16 October is celebrated every year as World Food Day. This marks the date of the founding of the Food and Agriculture Organisation (FAO) of the United Nations.  Let each day be one of thanksgiving and celebration of the food we eat, by whatever name we may call it. After all, a mango by any other name will taste just as delicious!

–Mamata

 

Technology And the Sweet Smell of Success

c51a218268e55a64559428ab06f2eff5Last week, at a Rotary event, I heard Kavita Misra speak. She  is a woman-farmer-entrepreneur from the backward district of Raichur, Karnataka. A diploma and PG in Computer Applications, she was married into a traditional family. Though offered a lucrative job in an IT major 20 years ago, she did not take up the offer as her family was not happy to have her take a job. Her husband threw her the challenge to stay in the village and do something. He gave her an acre of land—which was rocky, barren and water-less. Because that was all that was available there. From there to becoming the millionaire famer-entrepreneur she is today was a long and hard journey.

The most important lesson to me was the role her technical education and training have played in her success. Her actively seeking new and better methods of farming, and quick adoption of innovations has been at the heart of her achievements.  And it brought to me that if we want a paradigm shift in the way farmers do agriculture, they need to be more comfortable with technology, in sync with scientific developments and more technically savvy.

To give an example, Kavita is one of the most successful sandalwood growers in the country, and has sandalwood nurseries which sell sandalwood saplings all over India. Sandalwood is one of the very high value trees, and farmers who cultivate it can earn in crores. The tree fetches about Rs. 1 crore per tonne. A 15-year old tree yields about 15 kg of heartwood (though waiting 20-25 years gives more yields), and one acre can support about 300 trees.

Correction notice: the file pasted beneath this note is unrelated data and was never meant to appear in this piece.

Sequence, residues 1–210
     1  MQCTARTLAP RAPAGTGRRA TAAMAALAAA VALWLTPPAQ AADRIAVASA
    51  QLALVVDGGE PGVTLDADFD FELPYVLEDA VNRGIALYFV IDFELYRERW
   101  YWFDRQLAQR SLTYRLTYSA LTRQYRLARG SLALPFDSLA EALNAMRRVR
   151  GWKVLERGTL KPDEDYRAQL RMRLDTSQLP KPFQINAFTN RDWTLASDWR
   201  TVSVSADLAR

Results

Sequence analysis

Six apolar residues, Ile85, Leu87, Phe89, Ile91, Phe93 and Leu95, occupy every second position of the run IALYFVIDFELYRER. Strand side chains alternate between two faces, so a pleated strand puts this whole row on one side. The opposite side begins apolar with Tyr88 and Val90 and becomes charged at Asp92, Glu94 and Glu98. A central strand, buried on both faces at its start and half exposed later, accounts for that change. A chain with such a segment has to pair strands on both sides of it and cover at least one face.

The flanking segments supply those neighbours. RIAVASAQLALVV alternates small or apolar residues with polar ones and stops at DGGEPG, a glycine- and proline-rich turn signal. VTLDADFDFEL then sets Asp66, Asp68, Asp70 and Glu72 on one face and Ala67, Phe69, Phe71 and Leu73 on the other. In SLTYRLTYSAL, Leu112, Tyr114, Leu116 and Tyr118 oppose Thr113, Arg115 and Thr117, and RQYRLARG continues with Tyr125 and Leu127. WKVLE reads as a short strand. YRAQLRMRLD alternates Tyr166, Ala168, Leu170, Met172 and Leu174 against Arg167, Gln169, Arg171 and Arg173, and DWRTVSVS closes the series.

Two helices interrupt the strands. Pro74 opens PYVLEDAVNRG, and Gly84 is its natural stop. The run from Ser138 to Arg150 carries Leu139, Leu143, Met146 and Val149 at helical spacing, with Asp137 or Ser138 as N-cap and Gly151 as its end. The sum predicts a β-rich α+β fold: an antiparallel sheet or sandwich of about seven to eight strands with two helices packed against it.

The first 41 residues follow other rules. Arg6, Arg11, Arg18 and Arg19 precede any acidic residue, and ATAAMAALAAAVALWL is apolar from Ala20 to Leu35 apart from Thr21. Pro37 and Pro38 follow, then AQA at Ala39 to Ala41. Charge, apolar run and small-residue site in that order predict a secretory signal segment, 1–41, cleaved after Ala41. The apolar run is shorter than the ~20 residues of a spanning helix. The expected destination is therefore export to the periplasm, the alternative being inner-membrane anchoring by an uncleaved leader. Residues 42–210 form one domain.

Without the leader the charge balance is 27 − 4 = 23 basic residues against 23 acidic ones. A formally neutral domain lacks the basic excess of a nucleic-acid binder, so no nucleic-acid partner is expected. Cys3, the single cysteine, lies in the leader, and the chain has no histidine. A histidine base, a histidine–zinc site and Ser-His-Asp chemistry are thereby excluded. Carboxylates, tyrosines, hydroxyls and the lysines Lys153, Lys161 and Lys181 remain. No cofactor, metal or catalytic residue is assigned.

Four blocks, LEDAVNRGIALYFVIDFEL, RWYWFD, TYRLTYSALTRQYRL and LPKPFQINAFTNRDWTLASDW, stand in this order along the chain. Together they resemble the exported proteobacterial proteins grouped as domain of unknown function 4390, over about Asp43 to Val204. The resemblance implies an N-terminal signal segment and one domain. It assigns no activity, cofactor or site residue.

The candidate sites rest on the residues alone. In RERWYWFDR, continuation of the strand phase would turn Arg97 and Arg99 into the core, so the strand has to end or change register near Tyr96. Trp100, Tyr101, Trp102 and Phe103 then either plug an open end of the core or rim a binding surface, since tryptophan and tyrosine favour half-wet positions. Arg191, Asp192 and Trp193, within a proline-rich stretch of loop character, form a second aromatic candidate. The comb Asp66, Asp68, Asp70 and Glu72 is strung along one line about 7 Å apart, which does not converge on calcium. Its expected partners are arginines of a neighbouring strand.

One of the biggest challenges in sandalwood cultivation is theft. Given the high value of the wood, thieves and smugglers are constantly looking for ways to get into plantations and make away with trees. Farmers usually deploy guards and guard dogs, apart from physical and electrical fences.

Recently, Institute of Wood Science and Technology (IWST), has developed a microchip which can be inserted into the growing sandalwood trees, and linked to a smart phone. And you can monitor your tree from anywhere in the world! Alerts go to the farmer as well as the nearest police station if any movement of the wood is detected.

This has been developed, field tested and improved over two years by IWST and Hitachi India Pvt. Ltd. There were many problems to overcome..from the battery size which was too big for the tree trunks to bear, to need for increasing battery life, to the sensitivity of the chip to wear and tear and exposure to the elements.

Even though it is expensive, progressive farmers like Kavita have been able to see the potential and have quickly come forward to adopt the technology and popularize it among others. It is this mind-set and appreciation of the benefits of technology which will be game-changers in agriculture.

–Meena

Remembering the Post-age

World Post Day is celebrated on 9 October each year. This is the dpost box india.jpgate on which the Universal Postal Union was established in 1874, in Bern, Switzerland. It was declared as World Post Day at the UPU Congress held in Tokyo in 1969. In just 50 years technology has hugely changed our modes of written communication. Soon there will be an entire generation that has never handled pen, paper, envelopes and stamps, and will never know what the age of physical post was all about. I do feel sorry for them!